The scenic landscape offers surprise and adventure, luxury and wonder across less than 19,800 square miles, and the country also supports nearly four percent of the world’s total species. Whether backpacking through the volcanic ridges north of the Central Valley or reveling in luxury on a secluded resort nestled between the Pacific Ocean and a protected rainforest, taking the time to tour Costa Rica will bring unparalleled experiences for both active adventurers and enthusiastic idlers. The country hosts more than 500,000 plant and animal species across 11 Conservation Areas. Local communities help to protect the wild lands and ensure the safeguard of natural resources and natural beauty based on grassroots, sustainable efforts.

Costa Ricans do not eat tacos and enchiladas. Well, they do eat them, but only when they’re dining out at a Mexican restaurant. At its most basic, Costa Rican cuisine is hearty, inexpensive, filling, and not spicy. You’ll certainly get your share of chicken and pork and rice and beans. Indeed, you’ll swear that gallo pinto (literally “spotted rooster”), the country’s signature dish, is following you everywhere. Give this mix of rice, black beans, and finely chopped vegetables a try, and dress it up, Costa Rican style, with tortillas and sour cream. Some chefs here are doing amazing things with local and international cuisine, especially in locales with large foreign populations, such as San José, the Pacific coast’s Manuel Antonio and Tamarindo, and Puerto Viejo de Talamanca on the Caribbean side.

An estimated 30,000 Americans have retired in Costa Rica, with another 50 nationalities represented among the expatriate population. Stop and take a deep breath if you hear yourself uttering the words: “Honey, that nice real estate agent we met in the hotel lobby told us how easy it would be to move down here. Let’s do it.” As happens to countless other visitors, the sunshine syndrome has snuck up on you. Before you sell the farm and make the move here, the experts suggest doing a trial rental of a few months to see if day-to-day life in Costa Rica is for you. Living here—with all the mundane, attendant tasks of grocery shopping, banking, and making doctor’s appointments—is much different than being on vacation.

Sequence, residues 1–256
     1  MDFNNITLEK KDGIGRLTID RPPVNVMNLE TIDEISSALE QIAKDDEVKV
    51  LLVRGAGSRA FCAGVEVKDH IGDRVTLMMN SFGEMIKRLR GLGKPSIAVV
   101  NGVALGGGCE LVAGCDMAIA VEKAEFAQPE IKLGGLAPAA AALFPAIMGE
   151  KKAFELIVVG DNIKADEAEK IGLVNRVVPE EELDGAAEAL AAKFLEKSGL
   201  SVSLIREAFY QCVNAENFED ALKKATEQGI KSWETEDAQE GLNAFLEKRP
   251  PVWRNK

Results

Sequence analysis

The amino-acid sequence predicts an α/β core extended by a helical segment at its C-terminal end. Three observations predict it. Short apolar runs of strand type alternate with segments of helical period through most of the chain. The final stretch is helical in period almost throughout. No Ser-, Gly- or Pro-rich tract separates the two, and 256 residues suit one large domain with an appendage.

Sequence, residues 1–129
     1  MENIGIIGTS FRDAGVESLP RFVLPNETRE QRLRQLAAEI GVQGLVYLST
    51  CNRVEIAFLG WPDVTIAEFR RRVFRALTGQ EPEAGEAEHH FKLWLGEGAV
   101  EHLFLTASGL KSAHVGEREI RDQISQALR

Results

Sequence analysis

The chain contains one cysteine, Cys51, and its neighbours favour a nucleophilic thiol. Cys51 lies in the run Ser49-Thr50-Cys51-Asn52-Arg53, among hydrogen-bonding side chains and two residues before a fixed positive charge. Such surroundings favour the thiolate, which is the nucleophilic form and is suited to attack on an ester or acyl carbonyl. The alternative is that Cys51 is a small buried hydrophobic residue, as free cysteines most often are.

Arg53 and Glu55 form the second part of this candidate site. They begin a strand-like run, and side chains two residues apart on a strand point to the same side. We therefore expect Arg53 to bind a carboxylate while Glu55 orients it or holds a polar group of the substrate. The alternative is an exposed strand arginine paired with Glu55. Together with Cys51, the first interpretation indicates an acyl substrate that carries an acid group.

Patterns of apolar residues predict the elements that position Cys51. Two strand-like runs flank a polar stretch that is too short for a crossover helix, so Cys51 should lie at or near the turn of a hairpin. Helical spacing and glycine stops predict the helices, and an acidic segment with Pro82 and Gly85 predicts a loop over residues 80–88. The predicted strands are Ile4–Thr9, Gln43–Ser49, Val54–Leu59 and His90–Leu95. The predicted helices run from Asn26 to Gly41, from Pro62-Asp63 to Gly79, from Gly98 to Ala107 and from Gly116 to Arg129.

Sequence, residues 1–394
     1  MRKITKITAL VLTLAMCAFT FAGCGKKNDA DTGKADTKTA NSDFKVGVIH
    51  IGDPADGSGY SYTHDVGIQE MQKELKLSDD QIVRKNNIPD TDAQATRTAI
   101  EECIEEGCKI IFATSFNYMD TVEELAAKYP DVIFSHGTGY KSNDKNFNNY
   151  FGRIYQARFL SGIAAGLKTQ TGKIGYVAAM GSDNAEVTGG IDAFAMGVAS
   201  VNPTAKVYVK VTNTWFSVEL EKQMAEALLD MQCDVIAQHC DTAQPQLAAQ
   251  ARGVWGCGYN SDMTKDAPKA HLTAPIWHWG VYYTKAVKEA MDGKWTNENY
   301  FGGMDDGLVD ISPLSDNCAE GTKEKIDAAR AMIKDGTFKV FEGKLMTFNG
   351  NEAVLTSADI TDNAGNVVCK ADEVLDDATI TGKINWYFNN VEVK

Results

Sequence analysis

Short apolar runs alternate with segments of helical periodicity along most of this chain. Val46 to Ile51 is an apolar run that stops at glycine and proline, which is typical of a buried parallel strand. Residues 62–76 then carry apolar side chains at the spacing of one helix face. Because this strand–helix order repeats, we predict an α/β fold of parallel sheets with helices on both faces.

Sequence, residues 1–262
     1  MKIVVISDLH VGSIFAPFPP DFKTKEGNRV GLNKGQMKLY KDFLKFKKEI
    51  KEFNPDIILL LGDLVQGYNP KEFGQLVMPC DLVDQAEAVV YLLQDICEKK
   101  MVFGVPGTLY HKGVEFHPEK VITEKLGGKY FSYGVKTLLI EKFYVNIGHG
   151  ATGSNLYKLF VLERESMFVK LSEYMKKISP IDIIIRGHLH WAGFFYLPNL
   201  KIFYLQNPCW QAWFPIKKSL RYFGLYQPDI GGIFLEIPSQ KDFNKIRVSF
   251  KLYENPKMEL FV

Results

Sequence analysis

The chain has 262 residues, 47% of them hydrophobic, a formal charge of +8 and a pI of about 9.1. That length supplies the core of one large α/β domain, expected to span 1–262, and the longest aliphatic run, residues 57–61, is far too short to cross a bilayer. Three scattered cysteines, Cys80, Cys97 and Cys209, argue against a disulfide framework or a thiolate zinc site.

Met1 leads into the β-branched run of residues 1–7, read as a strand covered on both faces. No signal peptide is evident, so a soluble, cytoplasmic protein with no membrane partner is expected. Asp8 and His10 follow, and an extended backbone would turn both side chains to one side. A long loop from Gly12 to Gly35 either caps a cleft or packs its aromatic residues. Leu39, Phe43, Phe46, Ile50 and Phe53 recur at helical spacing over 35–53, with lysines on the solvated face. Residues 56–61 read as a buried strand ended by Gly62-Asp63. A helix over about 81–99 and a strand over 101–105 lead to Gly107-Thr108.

You have to exercise caution when renting a car in Costa Rica; where it is not uncommon for rental companies to claim "damage" they insist you inflicted on the vehicle. It is by far the best policy to rent a car through a Costa Rican travel agent. If you are travelling on a package, your agent will sort this out. Otherwise, go into an ICT-accredited travel agent in San Jose and ask them to arrange rental for you. This should be no more expensive than renting on your own and will help guard against false claims of damage and other accusations; rental companies will be less willing to make trouble with an agent who regularly sends them clients than with individual customers who they may not see again.
Head north this morning, passing through sugar cane, teak, pineapple, and orange plantations. Then, cruise on the Rio Frio, gateway to the world famous Caño Negro wildlife refuge, home to many migratory birds found nowhere else in Costa Rica. Look for black turtles, whistling ducks, roseate spoonbills, cormorants, anhingas, blue heron, and northern jacanas. Watch for caimans, howler monkeys, spider monkeys, green iguanas, and water-walking lizards. Lunch. Return to Fortuna. This afternoon enjoy a relaxing soak in the volcanic hot springs. Dinner. BLD
Although tap water is considered safe to drink in Costa Rica's cities, it's probably a good idea to avoid drinking tap water in Costa Rica. For environmental reasons, try to avoid bottled water. Ask your leader where filtered water can be found as some hotels provide this. Remember to peel fruit and vegetables before eating and avoid ice in drinks.